Thursday, 18 October 2018

Bryan Ferry - Taxi (1993)

  

Released April 1993

Recorded in London

This was a bit of a “treading water” album from Bryan Ferry, after “Boys and Girls" and "BĂȘte Noire”, which were full albums of original material, this was a collection of cover versions, apart from one song. They are all pretty well delivered, in a very laid-back, bass reverb-heavy way. Lounge bar music with a bit of resonance. Within a year, the “Mamouna” album of originals was released, albeit performed in the same laid-back style as this album. It is a most enjoyable listen, nevertheless. I know there will be people who say "how can you listen to this from the man who wrote all those early Roxy Music songs". Fair enough, I suppose, but I like both. I like early Roxy Music. I like this too. So there you go.

“I Put a Spell On You” begins with some weird, whistling background noises until the funky-ish guitar kicks in and the Ferry joins with his smooth as satin voice.  “Will You Love Me Tomorrow” is given classic Ferry treatment - smooth, slick, soulful and laid-back but very appealing. He does this sort of thing so effectively. “Answer Me” is done in exactly the same fashion. It is beautifully seductive though.

Doris Troy’s relative rarity “Just One Look” is aso turned into a late-night, mysterious-sounding piece of intuitive seduction. Fontella Bass’s “Rescue Me” is no longer a soul thumper, but more of a beguiling groove. These covers really are quite unique. Very typically Bryan Ferry from this era, but also giving them something new. It is so relaxing as to be almost comatose.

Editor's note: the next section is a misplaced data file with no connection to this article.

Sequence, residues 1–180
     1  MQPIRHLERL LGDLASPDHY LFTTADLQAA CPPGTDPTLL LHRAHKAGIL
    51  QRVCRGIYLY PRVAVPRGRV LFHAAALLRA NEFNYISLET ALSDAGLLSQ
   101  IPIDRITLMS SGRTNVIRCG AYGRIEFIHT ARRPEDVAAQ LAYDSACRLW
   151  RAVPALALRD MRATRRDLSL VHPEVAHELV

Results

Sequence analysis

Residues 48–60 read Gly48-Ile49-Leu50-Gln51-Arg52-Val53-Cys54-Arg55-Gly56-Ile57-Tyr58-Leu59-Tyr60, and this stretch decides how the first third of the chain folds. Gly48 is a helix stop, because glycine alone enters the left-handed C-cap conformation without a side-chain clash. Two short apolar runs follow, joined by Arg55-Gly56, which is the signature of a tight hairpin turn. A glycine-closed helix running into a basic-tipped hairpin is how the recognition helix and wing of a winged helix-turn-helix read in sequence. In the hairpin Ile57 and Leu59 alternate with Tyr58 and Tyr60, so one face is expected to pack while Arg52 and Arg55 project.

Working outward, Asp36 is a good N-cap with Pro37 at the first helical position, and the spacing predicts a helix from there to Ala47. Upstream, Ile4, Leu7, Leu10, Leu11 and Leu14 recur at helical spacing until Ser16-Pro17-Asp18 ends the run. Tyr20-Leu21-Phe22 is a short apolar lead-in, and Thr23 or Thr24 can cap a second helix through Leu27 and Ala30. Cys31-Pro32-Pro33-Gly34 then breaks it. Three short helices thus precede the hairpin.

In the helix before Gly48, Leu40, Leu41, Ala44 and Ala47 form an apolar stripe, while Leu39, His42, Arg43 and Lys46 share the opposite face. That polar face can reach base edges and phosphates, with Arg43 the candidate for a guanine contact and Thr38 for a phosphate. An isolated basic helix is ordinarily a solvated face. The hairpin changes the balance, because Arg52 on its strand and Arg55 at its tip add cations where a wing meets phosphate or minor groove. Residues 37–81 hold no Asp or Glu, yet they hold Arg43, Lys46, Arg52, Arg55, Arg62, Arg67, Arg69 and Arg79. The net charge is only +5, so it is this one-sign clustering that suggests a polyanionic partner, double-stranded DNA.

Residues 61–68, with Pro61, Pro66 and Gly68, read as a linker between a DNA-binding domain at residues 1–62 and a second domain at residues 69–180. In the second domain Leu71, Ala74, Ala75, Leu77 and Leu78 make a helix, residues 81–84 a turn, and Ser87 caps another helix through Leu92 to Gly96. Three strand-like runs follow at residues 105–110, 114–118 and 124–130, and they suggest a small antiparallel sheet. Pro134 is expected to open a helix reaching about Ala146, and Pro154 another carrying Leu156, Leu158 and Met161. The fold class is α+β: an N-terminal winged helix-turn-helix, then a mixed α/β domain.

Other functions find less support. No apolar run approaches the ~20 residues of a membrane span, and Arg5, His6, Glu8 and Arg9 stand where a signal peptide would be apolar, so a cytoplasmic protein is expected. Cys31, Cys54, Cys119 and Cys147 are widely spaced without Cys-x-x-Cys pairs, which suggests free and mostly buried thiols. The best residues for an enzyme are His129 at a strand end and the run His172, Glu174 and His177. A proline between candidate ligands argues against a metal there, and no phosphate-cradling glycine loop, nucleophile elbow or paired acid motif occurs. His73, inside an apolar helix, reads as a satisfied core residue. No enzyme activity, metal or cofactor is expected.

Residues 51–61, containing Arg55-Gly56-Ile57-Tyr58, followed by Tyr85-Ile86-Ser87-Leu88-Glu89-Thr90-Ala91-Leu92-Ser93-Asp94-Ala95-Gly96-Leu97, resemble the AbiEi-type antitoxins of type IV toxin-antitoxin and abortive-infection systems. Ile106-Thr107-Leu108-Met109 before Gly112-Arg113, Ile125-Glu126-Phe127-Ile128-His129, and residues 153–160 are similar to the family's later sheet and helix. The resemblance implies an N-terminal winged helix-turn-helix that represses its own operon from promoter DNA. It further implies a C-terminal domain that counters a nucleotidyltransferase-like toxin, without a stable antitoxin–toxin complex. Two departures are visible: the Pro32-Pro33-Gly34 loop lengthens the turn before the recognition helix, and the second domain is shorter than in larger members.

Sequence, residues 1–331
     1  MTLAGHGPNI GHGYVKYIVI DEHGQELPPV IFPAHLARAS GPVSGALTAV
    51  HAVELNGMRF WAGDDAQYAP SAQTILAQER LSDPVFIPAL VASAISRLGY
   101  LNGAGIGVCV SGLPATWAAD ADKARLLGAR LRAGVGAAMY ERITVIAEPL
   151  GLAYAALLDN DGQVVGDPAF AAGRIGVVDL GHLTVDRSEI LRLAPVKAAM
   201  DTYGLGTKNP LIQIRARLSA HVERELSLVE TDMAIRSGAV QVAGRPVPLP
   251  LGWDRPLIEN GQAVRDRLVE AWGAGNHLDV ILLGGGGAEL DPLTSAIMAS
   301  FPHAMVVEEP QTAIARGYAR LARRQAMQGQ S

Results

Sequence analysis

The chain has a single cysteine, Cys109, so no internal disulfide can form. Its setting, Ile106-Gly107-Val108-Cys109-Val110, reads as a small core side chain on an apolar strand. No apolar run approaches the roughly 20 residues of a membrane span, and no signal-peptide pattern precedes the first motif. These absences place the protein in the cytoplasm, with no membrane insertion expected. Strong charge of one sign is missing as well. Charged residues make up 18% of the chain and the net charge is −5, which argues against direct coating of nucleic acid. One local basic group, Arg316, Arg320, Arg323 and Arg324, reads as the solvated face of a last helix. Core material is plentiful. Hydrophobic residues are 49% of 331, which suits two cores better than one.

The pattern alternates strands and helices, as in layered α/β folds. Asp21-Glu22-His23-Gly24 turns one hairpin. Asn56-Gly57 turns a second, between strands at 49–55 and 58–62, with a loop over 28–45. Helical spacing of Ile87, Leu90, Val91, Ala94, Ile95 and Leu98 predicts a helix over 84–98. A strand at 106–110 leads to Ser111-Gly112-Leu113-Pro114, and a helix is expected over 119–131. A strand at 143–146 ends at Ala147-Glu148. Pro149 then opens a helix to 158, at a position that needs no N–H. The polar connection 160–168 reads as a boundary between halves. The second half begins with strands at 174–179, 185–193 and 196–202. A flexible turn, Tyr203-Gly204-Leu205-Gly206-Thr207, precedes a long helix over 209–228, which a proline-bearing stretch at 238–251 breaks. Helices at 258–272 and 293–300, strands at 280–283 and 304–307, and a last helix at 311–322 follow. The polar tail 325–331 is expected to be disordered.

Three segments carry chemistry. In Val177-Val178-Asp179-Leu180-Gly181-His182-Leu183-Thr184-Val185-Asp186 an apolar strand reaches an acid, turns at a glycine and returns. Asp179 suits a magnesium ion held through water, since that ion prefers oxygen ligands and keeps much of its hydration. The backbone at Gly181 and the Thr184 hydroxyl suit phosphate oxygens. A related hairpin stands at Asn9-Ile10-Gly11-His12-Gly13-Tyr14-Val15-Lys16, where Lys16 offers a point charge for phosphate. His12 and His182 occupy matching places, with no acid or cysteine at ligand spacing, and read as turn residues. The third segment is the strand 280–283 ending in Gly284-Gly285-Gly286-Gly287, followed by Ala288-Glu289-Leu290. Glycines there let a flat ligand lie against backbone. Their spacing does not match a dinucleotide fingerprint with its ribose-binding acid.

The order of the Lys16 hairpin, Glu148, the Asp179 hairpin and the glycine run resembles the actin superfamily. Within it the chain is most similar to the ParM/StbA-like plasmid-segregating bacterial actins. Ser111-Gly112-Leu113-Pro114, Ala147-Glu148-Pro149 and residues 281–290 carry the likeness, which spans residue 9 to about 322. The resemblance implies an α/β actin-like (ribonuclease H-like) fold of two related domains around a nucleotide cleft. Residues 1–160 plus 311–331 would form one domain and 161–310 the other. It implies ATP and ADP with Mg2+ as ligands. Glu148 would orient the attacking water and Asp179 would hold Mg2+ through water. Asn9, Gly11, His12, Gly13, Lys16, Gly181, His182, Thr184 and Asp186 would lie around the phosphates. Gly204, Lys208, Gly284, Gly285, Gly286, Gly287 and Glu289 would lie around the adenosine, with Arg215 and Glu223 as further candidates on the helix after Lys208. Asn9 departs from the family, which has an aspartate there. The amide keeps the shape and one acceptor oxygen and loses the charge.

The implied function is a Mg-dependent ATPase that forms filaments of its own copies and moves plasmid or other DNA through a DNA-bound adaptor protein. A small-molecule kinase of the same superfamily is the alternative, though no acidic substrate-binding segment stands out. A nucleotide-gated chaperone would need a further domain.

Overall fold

“The Girl Of My Best Friend” is also slowed-down to typical Ferry pace and it is delivered in true laid-back, entrancing fashion. The same applies to the mysterious Velvet Undergound song, “All Tomorrow’s Parties”. In fact, Ferry’s version is almost more beguiling and haunting than Nico’s orginal. It suits his voice perfectly. The backing is suitably seductive. “Amazing Grace” is given a shuffling beat and some funky-ish guitar and organ parts reminiscent of Ferry’s cover of “You Are My Sunshine” on “Another Time Another Place”.

The title track doesn’t break the mould at all, it is played in exactly the same style and is very like the material that would appear on “Mamouna”. It actually sounds like a Ferry track, but isn’t. The final number, “Because You’re Mine” is a Ferry composition but is a short, relatively ambient but inconsequential instrumental. It is worth giving this inventive album a listen, despite its relatively homogenous sound.

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